Hacksaw Ridge and our Attitude Towards Violence

The following was commissioned by Flickering Myth

Henry Bevan on Hacksaw Ridge and our attitude towards violence…

A ultra-violent pacifist movie. That’s the oxymoron greeting you when you watch Hacksaw Ridge, Mel Gibson’s film about Desmond Doss (Andrew Garfield), a conscientious objector involved in the Battle of Okinawa.

The film is open to multiple readings. Some are obvious, with Doss’s comparison with Jesus shown through Christ poses and self-sacrifice. You can’t accuse Gibson of subtlety. There are also some unnoticed readings, mainly how Gibson comments on how society has become desensitised to violence. This is why a film about a pacifist is full of blood and gore.

Normally this isn’t an issue. Hollywood’s output is often flippant towards violence. Some filmmakers have built careers off a casual gunshot. Superhero movies are filled with meaningless and rampant destruction. Gibson has called out the genre, and irony has reached new levels with the news he’s having a “first date” with Warner Bros. about Suicide Squad 2, a meaningless sequel to a film that is the very definition of the word “meaningless”.

Hacksaw Ridge ©SummitEntertainment
The strongest sequence in Hacksaw Ridge is when Doss is saving lives //©SummitEntertainment //source: Flickering Myth

Gibson’s filmography has never shied away from splatter effects. Braveheart features his character being hung, drawn and quartered. The Last Temptation of Christ is full of whipping, and Apocalypto has human sacrifices. But, his violence has a point. After Saving Private Ryan, making a sanitised war film is unacceptable — filmmakers must show the horror and with Hacksaw Ridge Gibson overcompensates so he can shock us out of apathy.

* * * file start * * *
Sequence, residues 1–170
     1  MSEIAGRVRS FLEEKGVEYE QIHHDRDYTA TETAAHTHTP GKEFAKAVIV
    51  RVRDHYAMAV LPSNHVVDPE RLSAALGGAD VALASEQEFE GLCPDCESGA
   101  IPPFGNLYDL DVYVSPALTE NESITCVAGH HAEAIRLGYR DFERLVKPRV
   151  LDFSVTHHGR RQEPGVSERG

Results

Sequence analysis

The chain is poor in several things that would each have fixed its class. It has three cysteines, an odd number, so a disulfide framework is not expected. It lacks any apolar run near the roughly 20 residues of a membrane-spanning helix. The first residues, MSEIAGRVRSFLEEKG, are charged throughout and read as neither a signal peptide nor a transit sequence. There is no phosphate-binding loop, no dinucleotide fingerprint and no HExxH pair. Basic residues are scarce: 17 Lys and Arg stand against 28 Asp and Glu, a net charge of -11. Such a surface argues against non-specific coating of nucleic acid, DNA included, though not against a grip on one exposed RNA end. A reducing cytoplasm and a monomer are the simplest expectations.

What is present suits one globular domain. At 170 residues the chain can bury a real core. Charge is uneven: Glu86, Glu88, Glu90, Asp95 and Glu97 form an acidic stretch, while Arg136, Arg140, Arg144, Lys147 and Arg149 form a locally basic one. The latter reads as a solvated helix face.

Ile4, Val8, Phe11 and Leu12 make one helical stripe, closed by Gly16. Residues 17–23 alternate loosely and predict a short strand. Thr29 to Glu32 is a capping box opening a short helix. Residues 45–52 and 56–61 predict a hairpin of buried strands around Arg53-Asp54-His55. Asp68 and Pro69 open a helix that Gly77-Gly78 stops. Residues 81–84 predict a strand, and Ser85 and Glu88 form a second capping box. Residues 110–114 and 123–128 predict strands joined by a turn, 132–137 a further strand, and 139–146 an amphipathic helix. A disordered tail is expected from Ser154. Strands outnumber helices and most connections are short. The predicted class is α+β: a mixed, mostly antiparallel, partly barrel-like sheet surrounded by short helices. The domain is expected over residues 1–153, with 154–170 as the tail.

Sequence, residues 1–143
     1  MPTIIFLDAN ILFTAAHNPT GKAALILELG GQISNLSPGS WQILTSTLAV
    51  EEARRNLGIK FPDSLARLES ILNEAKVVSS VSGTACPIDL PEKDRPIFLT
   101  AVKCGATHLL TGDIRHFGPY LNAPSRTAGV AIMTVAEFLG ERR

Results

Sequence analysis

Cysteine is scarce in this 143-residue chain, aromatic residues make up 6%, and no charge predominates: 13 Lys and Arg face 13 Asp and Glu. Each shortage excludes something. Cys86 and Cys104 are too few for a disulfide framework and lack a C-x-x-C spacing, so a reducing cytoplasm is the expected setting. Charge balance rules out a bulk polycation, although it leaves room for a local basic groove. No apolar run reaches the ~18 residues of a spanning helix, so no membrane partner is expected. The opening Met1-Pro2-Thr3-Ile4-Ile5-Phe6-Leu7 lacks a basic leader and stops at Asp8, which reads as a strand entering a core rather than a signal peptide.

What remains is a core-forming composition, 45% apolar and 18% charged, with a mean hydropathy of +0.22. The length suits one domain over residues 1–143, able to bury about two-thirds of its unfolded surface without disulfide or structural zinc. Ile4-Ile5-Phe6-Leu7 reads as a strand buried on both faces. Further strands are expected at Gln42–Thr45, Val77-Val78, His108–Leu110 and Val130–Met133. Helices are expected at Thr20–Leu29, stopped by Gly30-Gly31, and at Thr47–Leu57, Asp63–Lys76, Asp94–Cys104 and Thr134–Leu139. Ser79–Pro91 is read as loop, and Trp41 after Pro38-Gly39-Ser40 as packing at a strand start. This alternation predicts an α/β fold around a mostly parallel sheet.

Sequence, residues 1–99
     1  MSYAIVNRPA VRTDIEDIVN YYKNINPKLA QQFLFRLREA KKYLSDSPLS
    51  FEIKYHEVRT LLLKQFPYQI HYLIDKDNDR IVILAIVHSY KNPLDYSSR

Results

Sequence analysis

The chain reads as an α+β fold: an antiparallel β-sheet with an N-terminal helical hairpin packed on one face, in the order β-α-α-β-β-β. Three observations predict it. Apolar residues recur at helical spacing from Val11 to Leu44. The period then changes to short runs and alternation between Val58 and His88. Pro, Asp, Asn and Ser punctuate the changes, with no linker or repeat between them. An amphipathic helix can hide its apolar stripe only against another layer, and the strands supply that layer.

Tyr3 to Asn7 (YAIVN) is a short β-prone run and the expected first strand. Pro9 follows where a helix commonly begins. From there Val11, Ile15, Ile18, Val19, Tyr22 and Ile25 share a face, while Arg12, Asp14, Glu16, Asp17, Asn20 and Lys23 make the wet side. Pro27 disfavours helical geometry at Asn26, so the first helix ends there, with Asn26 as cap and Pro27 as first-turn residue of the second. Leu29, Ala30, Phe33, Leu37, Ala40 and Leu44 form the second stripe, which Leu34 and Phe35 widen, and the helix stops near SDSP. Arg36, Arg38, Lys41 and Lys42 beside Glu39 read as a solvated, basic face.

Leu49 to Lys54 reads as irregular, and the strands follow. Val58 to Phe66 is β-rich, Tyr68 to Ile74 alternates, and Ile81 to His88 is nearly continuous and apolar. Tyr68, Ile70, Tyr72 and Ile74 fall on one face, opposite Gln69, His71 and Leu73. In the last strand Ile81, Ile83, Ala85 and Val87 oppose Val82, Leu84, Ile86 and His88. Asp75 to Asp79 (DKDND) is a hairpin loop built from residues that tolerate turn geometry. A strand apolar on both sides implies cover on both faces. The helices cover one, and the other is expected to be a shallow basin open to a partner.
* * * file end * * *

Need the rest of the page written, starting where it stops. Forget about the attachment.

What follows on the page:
His soldiers act like macho video game characters, often shooting from the hip or using fallen comrades as shields. As we are introduced to Doss’s fellow recruits, they are throwing knives at each other. Instead of playing cards, they throw knives. The film sets this up as an excuse for Serjeant Howell’s (Vince Vaughn) sarcastic asides, but it informs us this world views violence as an everyday occurrence. The characters don’t flinch at the prospect of killing. They, like us, are desensitised to violence.

The recruits haze Doss because he won’t take up arms. The characters are not phased because they believe he’ll get them killed, they’re phased because he wants to save lives. The army may pretend they care about his life, but he is expendable. Doss’s refusal to fire a gun impacts the US’s agenda. They want to go all scorched earth on the Japanese. Doss wanting to save people is a sign of resistance to the war.

Hacksaw Ridge ©Summit Entertainment
The macho-macho men of Hacksaw Ridge symbolise how we accept violence as an everyday thing //©SummitEntertainment //source: Flickering Myth

It’s an anti-war sentiment Gibson exploits in Hacksaw Ridge‘s best sequence as Doss saves everyone he can find, regardless of the flag they wear. As the war destroys the world, Doss succeeds in “putting a little piece of the world back together again”. The pointlessness of war is dramatically highlighted. Whilst the film is more austere during this sequence, a bit of video game violence sneaks in. As Doss drags Howell to safety on a makeshift sleigh, and Howell shoots the approaching army, the film can’t help itself and slips into some old-fashioned co-op antics.

This is where the violence becomes satirical. In a world where drones turn war into a video game and everyone plays Call of Duty, Gibson gives us a bit of bite. By reminding people of their own adventures on a WW2 simulator, including a quick first-person camera angle down a machine gun scope, Gibson condemns our lackadaisical attitude towards violence. The reason the violence in this movie about a pacifist is so extreme is to make us pay attention. It’s to make us realise violence is not normal, and we shouldn’t treat it as such.


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